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The gift of giving

Photo credit to Robert Thurman and The Africa Yoga Project

The gift of giving

In my family there was always a certain sprinkle of magic as Christmas approached. My Muslim father would climb into the loft and we would steady the ladder and try not to breathe asbestos as he tugged on boxes and bags that had been carefully packed up 11 months earlier. My Jewish best friend would be there beside me, her eyes as full of wonder as ours as we carefully unwrapped tinsel, fairy lights and baubles. My mother would share the familiar stories behind each precious piece and we would listen enchanted as if it was the first time hearing those tales. Dad would plug in the fairy lights and we would hope they were still working as they were awakened from their annual hibernation. We would also pray they did not explode or set the house on fire. The years when we had more money we would visit the gardening centre and choose a tree. Squishing it into the ford cortina, trying to keep branches and pines intact. The sharp, fresh smell of pine and the dusty decorations was a reminder of connection and togetherness. Of dad being home and cooking turkey in cream and white wine sauce, whilst mum unwrapped avocados from the airing cupboard praying they had ripened to perfection on time. The winters always seemed so long but the days leading up to Xmas were magical and cosy. Togetherness, love, gratitude, warmth, oneness.

My mother claimed giving was better then receiving. I tried hard to get it but was sure she was ill informed. Receiving a much longed for “girls world” whose hair would grow when I turned a dial on the side was a dream come true, it certainly beat giving any gift to anyone. I liked shopping for others, carefully thinking about what they would like, saving my pennies. I loved seeing friends look of glee when a certain gift was received but still receiving what you longed for was way better.

This December, by chance a project I have been working on for a while was bought to life. I had been talking to product of prisons about volunteering with them and offering yoga within the prison. Initially this was seen as a treat and I was asked why prisoners should be entitled to yoga. This got me thinking of the benefits to the prison as well as the prisoners. See separate blog. With some gentle encouragement and determination I finally had an introduction to the welfare wardens and an opportunity to talk to the prisoners. The meeting went exceptionally well. The Ugandan yoga teacher who I mentor came with me and together we demonstrated and led a practice designed to ground, uplift and motivate. I was held in down dog for way too long, butt in the air (thankfully I had worn my floppy pants) and thoughts of having my throat slit certainly crossed my mind in cobra. But this was all in my mind and I was aware of that. I reined my wandering mind in and stopped myself thinking bizarre thoughts.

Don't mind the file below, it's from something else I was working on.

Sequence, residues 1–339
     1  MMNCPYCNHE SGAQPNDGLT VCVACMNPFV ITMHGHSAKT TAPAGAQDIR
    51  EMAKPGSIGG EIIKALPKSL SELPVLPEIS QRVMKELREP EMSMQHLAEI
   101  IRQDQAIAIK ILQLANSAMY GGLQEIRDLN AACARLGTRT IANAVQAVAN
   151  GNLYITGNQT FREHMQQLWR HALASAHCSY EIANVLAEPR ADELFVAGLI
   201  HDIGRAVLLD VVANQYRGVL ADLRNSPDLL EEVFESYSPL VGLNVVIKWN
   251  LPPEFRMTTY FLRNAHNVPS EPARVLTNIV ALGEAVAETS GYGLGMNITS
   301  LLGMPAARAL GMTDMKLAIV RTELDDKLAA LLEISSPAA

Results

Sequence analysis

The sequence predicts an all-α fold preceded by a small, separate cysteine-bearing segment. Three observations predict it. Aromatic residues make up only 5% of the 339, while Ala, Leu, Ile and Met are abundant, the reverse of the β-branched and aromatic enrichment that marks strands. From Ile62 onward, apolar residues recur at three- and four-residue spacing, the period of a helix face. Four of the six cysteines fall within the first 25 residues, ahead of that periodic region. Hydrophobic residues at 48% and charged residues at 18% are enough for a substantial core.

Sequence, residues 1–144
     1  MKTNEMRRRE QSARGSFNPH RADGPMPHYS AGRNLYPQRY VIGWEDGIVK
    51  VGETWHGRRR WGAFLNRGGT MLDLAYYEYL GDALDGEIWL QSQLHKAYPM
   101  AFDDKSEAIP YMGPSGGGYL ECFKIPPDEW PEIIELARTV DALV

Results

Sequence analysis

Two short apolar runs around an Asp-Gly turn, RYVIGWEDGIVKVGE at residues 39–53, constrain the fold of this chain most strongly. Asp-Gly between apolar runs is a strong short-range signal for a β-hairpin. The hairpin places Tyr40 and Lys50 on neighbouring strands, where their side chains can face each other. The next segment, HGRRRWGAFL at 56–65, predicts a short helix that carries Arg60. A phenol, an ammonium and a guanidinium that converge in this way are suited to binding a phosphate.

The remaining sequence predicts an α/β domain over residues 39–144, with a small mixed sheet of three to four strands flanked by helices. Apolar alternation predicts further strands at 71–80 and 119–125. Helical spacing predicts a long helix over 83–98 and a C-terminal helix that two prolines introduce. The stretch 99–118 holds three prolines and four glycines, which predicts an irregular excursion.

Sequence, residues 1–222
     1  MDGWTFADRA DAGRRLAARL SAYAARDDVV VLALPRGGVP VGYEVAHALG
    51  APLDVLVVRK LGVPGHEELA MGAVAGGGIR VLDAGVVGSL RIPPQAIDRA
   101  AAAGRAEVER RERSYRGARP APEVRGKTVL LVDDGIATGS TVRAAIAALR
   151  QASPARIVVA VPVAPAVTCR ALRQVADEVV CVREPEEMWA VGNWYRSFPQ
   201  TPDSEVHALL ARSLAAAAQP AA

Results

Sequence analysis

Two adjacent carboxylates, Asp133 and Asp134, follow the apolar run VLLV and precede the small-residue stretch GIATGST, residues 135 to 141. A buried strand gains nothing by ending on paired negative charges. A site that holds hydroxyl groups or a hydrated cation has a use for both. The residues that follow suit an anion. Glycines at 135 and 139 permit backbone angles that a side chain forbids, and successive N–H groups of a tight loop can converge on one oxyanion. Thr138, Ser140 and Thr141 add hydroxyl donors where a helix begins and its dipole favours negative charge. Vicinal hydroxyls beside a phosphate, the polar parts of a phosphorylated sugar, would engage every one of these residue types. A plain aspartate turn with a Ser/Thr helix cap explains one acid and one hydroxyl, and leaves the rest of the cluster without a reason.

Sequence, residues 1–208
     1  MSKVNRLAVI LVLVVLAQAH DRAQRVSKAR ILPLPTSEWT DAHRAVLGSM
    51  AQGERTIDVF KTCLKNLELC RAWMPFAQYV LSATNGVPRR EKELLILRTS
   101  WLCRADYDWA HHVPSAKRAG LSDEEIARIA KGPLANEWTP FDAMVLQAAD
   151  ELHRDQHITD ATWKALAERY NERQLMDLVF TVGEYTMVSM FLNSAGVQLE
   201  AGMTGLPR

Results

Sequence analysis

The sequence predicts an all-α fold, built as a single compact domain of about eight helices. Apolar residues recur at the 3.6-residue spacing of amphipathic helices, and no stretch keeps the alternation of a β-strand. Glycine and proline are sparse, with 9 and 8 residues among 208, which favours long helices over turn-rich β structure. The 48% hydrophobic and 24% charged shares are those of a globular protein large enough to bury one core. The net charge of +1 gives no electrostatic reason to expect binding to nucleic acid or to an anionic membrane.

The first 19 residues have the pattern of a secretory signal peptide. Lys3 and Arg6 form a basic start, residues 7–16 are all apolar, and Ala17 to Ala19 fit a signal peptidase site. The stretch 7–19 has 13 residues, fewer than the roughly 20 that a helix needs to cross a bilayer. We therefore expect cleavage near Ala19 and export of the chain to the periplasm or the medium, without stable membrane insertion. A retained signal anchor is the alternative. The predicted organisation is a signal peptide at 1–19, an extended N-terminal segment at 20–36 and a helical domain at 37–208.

A few of the inmates had heard of yoga and were enthusiastic. We spoke to them about the benefits in a variety of languages and as I was about to leave a prisoner confessed he had been suicidal after receiving a long sentence. He wanted to know if yoga would help him. I looked into his eyes that had been sparkling with enthusiasm only moments earlier and were now watery and desperate. We sat together and I spoke of the gifts the discipline of yoga offers us. Acceptance, tolerance, compassion, courage, how through practice we learn to become more present and to acknowledge the meaning our life has to others. I asked him what he would do when he was released? His answer was instant “look after my son and give him a beautiful life.” He commented that never had he thought of the meaning of his life or these virtues as being in his repertoire. I promised him his life was meaningful and that they were. He asked me to describe “life outside the prison.” I did so. It was time to leave. We connected once more looking deep into each others eyes.

Finally the gift of giving became alive within me. The giving of yourself to another. Selfless service.

As I walked away I realized I probably had more to learn from them, then they from I and herein lies the magic!

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